They look like penitent monks in white hoods: icy steles of up to six meters in height, covering all mountain areas in the high mountains of the tropics and subtropics. For climbers, these ice-needle fields are insurmountable. But how do the uniformly shaped peaks actually develop? Almost 15 years ago, the physicist Meredith Betterton of the University of Colorado explained the formations like this: Even a flat snow surface has uplifts and depressions. When the sun's rays fall on the snow, they are reflected but encounter more resistance in the valleys, ie snow - there is greater heat in the valleys, which then melt faster and sink further.
Philippe Claudin of the ESPCI, the Technical University in Paris, was not satisfied with this statement. He and his colleagues have developed a new model for the so-called penitential rice, which explains the always characteristic shapes and the spatial distribution better than the previous theory. Their conclusion: a complex interplay of physical processes is the natural architect and master builder of these formations. When the sun shines on the snow surface, the heat is absorbed by the snow. Inside the mass of snow, the temperature rises higher than outside. Because there rises at the same time haze. This cools the surface. If dense moisture forms above the ice, less vapor can escape from the interior.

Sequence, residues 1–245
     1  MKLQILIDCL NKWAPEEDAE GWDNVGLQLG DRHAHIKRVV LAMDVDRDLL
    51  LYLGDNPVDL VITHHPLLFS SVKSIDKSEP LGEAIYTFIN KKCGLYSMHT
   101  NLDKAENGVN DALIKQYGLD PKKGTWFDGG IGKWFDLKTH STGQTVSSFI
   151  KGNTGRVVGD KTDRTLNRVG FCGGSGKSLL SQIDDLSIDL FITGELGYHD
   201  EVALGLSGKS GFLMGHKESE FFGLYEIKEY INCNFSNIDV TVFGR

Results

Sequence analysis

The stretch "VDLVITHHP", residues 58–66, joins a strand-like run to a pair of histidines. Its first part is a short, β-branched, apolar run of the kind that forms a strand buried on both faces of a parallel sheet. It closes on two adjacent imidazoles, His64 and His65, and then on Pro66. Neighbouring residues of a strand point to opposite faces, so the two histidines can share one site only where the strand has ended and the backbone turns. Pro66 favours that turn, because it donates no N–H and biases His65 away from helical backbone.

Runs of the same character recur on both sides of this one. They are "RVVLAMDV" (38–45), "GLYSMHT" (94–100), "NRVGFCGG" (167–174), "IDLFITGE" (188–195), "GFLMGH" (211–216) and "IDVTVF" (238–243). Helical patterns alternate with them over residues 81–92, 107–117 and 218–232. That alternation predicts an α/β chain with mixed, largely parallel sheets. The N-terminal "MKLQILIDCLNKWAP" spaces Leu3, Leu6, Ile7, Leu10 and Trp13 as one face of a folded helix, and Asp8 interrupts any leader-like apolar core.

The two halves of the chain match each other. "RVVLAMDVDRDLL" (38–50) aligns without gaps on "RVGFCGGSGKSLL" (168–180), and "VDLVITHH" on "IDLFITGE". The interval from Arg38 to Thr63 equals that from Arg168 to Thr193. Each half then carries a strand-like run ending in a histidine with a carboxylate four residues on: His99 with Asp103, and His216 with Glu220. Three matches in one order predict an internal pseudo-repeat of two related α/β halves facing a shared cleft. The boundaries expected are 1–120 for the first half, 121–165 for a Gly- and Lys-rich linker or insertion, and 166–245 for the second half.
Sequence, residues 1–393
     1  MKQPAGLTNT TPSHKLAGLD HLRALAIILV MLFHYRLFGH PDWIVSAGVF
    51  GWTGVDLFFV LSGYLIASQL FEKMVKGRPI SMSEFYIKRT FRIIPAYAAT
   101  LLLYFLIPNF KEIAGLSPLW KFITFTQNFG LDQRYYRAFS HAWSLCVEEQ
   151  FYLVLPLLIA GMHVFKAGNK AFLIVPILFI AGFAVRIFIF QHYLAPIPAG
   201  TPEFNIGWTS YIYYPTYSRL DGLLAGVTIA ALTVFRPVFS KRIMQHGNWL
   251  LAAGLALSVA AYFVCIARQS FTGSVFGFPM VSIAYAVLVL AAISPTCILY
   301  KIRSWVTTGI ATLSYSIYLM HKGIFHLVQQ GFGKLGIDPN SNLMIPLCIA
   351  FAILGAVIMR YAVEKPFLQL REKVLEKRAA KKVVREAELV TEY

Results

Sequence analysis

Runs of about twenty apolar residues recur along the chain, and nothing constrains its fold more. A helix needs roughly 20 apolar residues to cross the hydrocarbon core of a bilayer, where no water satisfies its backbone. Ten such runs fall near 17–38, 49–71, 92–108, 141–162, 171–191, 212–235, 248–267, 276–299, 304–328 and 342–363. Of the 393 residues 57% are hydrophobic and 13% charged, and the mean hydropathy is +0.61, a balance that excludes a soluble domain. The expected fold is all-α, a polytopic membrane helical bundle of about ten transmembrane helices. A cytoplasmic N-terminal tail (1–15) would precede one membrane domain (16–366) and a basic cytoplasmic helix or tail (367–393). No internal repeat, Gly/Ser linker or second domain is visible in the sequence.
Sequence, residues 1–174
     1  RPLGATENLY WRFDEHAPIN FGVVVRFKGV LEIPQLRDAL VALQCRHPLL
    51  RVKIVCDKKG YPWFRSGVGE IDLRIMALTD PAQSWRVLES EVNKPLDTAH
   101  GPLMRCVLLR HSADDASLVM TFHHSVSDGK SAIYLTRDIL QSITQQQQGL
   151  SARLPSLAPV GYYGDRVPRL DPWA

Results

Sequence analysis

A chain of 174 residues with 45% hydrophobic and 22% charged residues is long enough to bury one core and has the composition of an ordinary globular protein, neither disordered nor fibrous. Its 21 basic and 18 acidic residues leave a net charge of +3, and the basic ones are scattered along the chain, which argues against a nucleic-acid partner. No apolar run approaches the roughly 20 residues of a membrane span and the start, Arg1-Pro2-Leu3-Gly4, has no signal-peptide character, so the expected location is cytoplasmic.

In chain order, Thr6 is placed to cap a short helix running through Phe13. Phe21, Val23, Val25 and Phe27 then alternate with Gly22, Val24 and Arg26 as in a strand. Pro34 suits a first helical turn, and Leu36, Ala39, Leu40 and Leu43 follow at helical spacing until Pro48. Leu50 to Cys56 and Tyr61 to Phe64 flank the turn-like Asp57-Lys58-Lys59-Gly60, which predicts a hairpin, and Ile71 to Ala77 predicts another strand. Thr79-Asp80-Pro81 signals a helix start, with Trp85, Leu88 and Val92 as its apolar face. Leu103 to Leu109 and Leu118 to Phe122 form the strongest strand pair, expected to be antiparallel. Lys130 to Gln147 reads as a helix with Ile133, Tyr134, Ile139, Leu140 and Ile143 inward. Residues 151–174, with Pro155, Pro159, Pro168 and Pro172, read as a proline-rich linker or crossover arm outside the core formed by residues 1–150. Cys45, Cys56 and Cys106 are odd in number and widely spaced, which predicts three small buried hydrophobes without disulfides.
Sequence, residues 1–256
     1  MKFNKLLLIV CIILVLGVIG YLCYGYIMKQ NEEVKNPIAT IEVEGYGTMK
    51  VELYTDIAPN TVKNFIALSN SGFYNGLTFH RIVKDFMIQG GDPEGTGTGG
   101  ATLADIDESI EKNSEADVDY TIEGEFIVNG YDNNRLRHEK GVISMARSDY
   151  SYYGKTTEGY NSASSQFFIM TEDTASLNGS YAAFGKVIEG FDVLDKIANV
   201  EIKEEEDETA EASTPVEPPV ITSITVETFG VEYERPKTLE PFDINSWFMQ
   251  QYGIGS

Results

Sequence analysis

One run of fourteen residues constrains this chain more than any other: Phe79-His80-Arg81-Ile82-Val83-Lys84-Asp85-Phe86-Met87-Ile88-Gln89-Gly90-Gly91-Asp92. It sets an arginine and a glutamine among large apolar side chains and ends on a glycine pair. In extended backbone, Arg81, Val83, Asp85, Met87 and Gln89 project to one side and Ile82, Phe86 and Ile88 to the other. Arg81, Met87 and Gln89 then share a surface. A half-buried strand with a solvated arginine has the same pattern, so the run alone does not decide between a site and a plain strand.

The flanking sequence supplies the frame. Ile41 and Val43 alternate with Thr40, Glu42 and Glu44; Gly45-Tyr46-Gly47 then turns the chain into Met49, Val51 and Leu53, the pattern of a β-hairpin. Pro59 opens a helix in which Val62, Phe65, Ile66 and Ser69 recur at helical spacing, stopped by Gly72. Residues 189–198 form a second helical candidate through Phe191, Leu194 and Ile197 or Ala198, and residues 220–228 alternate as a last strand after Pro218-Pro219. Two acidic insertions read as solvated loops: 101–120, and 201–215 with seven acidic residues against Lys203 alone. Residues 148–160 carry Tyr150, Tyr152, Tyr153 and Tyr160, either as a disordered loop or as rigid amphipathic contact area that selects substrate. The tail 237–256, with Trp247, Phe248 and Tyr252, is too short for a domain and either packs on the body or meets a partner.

But why does the snow fall faster in the valleys? At these points more heat is absorbed, there is also a larger temperature difference between inside and outside. And there is more haze over the ice. The snow then melts faster in the hollows and breaks. Essentially, according to Claudin, the origin of penitential travel depends on how much water vapor has formed over the snow surface - and that the concentrations in close proximity to each other differ.
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